Major Investigation Discovers More Than 1,200 Formerly Enslaved People Received – and Then Lost – ‘40 Acres and a Mule’ After the Civil War

Major Investigation Discovers More Than 1,200 Formerly Enslaved People Received – and Then Lost – ‘40 Acres and a Mule’ After the Civil War

By Accessing 1.8 Million Recently Digitized Records, Black Descendants Can Learn How Their Families Were Denied Intergenerational Wealth

Nearly 160 years after the federal government created what became the nation’s first and most famous attempt to provide reparations by giving “40 acres and a mule” to formerly enslaved people in the South, a major investigation from the Center for Public Integrity and the Center for Investigative Reporting has identified more than 1,200 people in South Carolina and Georgia who received – and then lost – their land under the program right after the Civil War.

The discovery is significant because it was largely assumed the program only promised land to Black people, and yet this investigation demonstrates that was not the case, even though they were only temporary landholders. It’s also the largest collection of land titles from the “40 Acres and a Mule” program known to ever be analyzed and published.

During their two-and-a-half-year investigation, reporters from the Center for Public Integrity trained artificial intelligence to analyze 1.8 million records recently digitized from the Reconstruction-era Freedmen’s Bureau, allowing them to track down 41 living descendants, several of whom were unaware of their ancestors’ land being taken and the intergenerational wealth denied to their families.

“This investigation offers an important historical corrective. For generations it was commonly believed that no formerly enslaved people received the land promised by the federal government. But thousands did, even if it was fleeting,” said Clara Jeffery, Editor-in-Chief of the Center for Investigative Reporting, which produces Mother Jones and Reveal. “Hopefully this helps the public better understand the origins of the reparations movement, and why support for it is building.”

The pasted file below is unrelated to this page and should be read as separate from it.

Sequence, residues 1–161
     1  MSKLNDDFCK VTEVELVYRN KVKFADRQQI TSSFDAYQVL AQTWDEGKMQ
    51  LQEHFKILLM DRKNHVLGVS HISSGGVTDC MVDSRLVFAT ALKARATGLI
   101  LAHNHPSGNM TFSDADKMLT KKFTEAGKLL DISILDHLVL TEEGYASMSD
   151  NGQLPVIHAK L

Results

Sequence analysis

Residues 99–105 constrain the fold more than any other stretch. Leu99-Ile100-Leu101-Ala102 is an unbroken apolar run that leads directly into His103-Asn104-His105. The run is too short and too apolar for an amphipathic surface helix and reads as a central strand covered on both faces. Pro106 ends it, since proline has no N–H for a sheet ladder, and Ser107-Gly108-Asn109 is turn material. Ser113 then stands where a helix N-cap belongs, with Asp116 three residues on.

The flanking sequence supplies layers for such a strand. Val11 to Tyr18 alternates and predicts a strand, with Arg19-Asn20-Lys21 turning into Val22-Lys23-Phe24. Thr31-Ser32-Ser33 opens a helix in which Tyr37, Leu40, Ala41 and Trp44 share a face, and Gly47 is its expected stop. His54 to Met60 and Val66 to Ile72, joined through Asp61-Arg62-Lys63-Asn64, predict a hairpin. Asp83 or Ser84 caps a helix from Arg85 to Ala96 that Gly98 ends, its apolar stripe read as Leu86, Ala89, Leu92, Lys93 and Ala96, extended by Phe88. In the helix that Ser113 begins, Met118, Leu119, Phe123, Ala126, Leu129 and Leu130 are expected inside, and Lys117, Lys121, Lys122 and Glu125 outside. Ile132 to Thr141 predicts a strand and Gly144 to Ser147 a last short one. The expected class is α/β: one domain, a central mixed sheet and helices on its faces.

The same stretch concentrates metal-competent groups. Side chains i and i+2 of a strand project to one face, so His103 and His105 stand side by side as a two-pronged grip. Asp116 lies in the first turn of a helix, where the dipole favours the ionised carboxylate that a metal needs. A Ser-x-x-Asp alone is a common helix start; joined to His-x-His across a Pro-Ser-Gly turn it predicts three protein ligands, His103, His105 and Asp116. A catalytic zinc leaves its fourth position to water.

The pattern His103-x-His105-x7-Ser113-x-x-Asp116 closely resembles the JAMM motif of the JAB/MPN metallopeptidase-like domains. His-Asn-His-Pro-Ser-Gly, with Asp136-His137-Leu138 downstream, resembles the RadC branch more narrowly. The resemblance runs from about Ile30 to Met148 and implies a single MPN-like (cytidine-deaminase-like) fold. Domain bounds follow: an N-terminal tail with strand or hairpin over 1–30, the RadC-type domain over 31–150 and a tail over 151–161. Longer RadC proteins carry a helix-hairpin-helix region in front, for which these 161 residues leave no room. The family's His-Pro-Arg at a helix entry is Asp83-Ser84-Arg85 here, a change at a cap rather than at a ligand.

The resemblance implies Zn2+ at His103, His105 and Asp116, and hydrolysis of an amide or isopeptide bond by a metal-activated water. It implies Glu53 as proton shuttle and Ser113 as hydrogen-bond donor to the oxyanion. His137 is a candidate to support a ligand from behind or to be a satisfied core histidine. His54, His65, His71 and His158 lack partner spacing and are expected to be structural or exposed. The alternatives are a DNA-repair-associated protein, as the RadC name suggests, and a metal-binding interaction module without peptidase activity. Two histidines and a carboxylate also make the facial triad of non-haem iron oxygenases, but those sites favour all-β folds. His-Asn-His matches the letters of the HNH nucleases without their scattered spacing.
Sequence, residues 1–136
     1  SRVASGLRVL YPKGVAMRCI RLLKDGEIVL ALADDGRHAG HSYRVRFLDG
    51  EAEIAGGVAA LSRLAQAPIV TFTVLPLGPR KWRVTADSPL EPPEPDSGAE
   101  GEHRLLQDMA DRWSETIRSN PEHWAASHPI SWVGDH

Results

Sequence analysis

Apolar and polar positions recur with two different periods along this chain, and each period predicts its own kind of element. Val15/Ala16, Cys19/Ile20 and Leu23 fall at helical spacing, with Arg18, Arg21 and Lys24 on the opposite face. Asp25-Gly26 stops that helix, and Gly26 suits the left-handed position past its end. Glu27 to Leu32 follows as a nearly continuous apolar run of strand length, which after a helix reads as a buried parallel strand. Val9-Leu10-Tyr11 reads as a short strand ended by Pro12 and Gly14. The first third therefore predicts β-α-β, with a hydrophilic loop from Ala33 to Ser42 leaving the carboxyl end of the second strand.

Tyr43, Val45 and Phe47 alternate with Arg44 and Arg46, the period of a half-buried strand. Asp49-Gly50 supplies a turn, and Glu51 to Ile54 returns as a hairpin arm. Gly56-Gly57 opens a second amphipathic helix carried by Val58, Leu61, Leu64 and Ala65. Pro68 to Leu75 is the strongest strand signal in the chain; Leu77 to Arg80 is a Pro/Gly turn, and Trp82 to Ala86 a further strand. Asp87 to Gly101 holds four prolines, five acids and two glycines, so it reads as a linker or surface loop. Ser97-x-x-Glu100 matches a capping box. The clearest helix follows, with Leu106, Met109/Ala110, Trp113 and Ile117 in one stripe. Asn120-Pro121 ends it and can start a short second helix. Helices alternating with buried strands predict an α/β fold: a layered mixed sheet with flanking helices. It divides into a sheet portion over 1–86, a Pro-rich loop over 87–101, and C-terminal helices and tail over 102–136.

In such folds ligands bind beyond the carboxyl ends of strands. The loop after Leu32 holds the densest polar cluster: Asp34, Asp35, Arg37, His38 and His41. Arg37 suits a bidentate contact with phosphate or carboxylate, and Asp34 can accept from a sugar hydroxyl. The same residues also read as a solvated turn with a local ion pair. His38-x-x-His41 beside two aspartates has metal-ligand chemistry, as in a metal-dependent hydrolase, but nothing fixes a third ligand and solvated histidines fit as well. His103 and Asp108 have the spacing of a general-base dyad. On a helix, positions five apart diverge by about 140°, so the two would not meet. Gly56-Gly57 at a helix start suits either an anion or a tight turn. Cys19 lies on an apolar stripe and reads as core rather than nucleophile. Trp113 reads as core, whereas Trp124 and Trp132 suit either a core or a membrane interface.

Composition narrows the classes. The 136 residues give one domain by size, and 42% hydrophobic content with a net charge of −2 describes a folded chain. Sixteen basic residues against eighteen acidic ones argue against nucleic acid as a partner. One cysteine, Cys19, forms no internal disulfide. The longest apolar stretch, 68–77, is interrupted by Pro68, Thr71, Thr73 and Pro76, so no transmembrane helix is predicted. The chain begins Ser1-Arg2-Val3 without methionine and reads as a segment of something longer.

The Center for Public Integrity created a free, online search tool that allows the public to search 1.8 million documents from the Freedmen’s Bureau and other agencies. Of those, 500,000 are transcribed and can be searched by entering names, places, and keywords, and the remaining 1.3 million documents can be searched through image recognition technology, but not by keyword. The tool was developed using the Smithsonian’s Freedmen’s Bureau Transcription Project, which is working with volunteers to transcribe handwritten documents.

“This dedicated team of reporters and researchers spent hundreds of hours doing genealogy research and tracking down documents,” said Jennifer LaFleur, assistant professor at U.C. Berkeley’s Graduate School of Journalism, and former senior editor at the Center for Public Integrity, who coordinated the reporting project. “Employing machine learning to a document search tool allowed the team to find far more land titles and logs in the agency’s digital archives than we ever could have on our own, and that greatly opened up the breadth of this reporting.”

Following the Civil War’s end in 1865, the U.S. government created a program through the Freedmen’s Bureau to give formerly enslaved people up to 40 acres, land that had been part of plantations in the South. But after plantation owners protested, federal officials gave the land back to the former Confederates. The property granted to the more than 1,200 title holders identified by reporters represents just a fraction of all the land that was supposed to be given to Black people across South Carolina, Georgia, and Florida in the years after the Civil War.

Reporters identified 744 people in South Carolina and 506 people in Georgia who got land through the program, some of which is now located in gated, majority-white communities and worth as much as $2.5 million. Some of the descendants interviewed in the series are intertwined by slavery, with one family in Edisto Island, South Carolina, being enslaved by another (of which the latter family still owns the land).

“All these years later we’re only now learning the full injustice of the country’s first attempt to provide redress to the formerly enslaved,” said Pulitzer Prize–winning journalist Wesley Lowery, who is co-chair of the Center for Public Integrity. “This investigation is a testament to the need for thriving and independent journalism in the United States that is willing to look critically at the realities of not only our nation’s present, but its past. This is truly groundbreaking work.”

Center for Public Integrity reporters Alexia Fernández Campbell, April Simpson, and Pratheek Rebala reported the series in partnership with the Center for Investigative Reporting and the Investigative Reporting Workshop. In addition to the online research tool, the series includes six articles published on Mother Jones’ website and three episodes of the radio show and podcast Reveal, which will be broadcast beginning June 15.